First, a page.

This tier has a ceiling lower than bottom of tier three, but also a relatively high floor. Target these guys as your second quarterback in standard league formats, if you’re so inclined. They won’t blow you away but they also won’t fail to live up to reasonable expectations. They’re average in every sense of the word, while being old enough that they’re not going to suddenly breakout (Josh McCown won’t do it again). Take them and hope they’re playing a weak defense when your QB1 has a bye week.

Tier 5

 Fantasy Pros: QB/ADP
Sam Bradford, STL25/188
Matt Schaub, OAKNA/NA
Ryan Tannehill, MIA22/168
Ryan Fitzpatrick, TEXNA/NA
E.J. Manuel, BUF28/245
Jake Locker, TENNA/NA
Teddy Bridgewater, MIN24/178
Michael Vick, NYJ26/207

The final tier descends according to assuredness while ascending in terms of potential. A healthy Michael Vick and starting Teddy Bridgewater are likely to outperform even the best Sam Bradford or Matt Schaub could offer. Still, none of the above are worthy of a draft pick but are worth keeping an eye on. They could prove to be worthy injury or bye-week replacements but don’t expect consistent performance on a week-to-week basis.

3 comments

2 pings

  1. Joe

    Can you explain to me why Brees doesn’t belong in top tier? Three straight years of 5,000 plus yards, 1 TD off 40 TDs which would have been 3 straight years at 40. He was number 2 last year, number 1 two years before that. Do you really see that big of a decline to not have him in the top?

    1. Jon Collins

      Hi Joe,

      Thanks for asking. Esten and I spoke before the post went up, and I actually suggested Brees belonged in the top tier – if for no other reason than our own staff ranks’ discrepancy between he and Rodgers as QB2. I’ll let Esten give his own details on Brees, given this, but I thought I’d chime in with my own reasons for ranking him behind Aaron Rodgers.

      Really, it revolves around week to week consistency for me. Indeed, Brees has posted huge cumulative stats (and he’s my third ranked QB, so, I’m not knocking him really) but what puts him a peg below Rodgers for me is that he has too many ‘down’ games, at least compared to his own lofty standards.

      His 27.24 fantasy points per game from 2013 are an impressive total, and on the surface they’ll certainly justify an early round pick. However – and I wrote an article on this heading into the 2013 season as well – you see huge week to week variance with Brees, particularly in games where he is on the road. In eight road games last season, he posted 18.89 FPPG, compared to a whopping 35.6. He was a huge help in eight weeks, but a disappointment compared to his average in others, and that week to week variance doesn’t sit well with me in fantasy. I look for a player who, more or less, with average those 27 points by getting me 24-30 each time he steps on the field. Predictably and consistency are key.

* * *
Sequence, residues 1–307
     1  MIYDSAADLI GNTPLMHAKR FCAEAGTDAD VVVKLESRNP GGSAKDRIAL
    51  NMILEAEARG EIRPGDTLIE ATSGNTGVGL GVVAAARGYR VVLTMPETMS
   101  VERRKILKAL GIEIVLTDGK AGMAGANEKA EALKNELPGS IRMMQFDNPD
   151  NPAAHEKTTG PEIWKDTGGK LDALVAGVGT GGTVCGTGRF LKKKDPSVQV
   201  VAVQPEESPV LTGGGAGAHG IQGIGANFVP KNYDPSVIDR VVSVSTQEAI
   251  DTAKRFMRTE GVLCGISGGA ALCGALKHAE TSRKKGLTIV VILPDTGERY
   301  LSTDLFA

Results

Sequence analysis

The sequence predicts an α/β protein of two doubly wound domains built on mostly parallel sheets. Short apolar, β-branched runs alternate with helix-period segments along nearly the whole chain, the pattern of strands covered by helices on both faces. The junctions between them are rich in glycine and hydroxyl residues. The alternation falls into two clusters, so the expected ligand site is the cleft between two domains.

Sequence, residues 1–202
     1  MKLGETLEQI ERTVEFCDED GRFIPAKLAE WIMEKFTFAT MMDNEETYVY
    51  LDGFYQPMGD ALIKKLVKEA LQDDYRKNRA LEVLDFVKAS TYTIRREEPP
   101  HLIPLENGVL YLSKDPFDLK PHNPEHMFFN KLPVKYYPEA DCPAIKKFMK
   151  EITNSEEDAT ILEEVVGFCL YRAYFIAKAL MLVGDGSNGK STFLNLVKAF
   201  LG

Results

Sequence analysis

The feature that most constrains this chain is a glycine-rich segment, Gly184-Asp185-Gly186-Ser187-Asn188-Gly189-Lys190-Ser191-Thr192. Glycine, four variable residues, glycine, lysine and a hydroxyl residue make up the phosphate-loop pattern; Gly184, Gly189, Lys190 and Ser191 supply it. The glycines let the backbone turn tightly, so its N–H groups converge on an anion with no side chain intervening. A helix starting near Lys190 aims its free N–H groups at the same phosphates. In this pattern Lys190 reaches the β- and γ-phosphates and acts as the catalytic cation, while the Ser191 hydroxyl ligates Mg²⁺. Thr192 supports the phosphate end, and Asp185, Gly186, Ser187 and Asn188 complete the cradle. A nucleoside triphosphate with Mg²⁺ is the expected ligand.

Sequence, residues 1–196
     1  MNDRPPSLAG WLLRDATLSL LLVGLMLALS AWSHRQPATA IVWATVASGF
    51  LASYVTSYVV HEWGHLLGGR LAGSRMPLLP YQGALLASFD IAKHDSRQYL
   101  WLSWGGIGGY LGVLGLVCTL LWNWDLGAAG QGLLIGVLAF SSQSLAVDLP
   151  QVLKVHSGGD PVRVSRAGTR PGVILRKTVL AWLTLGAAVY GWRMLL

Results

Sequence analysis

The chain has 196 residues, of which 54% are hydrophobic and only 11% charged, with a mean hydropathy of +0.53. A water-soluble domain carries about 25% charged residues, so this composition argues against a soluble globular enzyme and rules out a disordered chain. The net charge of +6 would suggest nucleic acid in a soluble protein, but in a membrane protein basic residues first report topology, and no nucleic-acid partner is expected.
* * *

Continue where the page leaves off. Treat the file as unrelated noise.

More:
Thanks again for reading, and for taking the time to inquire. I see Brees coming in right around the 5000 yard mark again. The loss of Sproles won’t help his passing numbers, as I’d expect Ingram and Robinson to get more work but more as traditional backs, and I’m not sold on a huge year one from Brandin Cooks but I have little doubt that he’ll be among the position’s top producers again this season.

    2. Esten McLaren

      Thanks for the question Joe, and thanks for helping clarify Jon. Joe, I do not see a “decline” from Brees whatsoever, he is what he is and that’s a great quarterback. As Jon said, if he played all 16 games at the Superdome, he’d probably be the first QB off the board. However, he doesn’t. After Manning’s season last year there’s nothing to stop him from being the first quarterback selected in all fantasy drafts. It comes down to Rodgers vs Brees for QB2.

      As I said in the article I’d essentially call their passing attacks a wash, with perhaps a slight edge in Drew’s favor. To me the only difference is Aaron Rodgers ability to run the football. We’ve seen him scramble for lengthy runs in the past, or even call his own number at the line. The Eddie Lacy effect will also lead to Rodgers rushing for more goal line scores with last second audibles. In standard scoring format leagues, those extra two points per rushing touchdown could add up to a significant number by the end of the season.

      In the end, go with personal preference if you so desire, the difference in production will likely be quite minimal. I hope this, and Jon’s comment, helped clarify why I would lean towards Rodgers.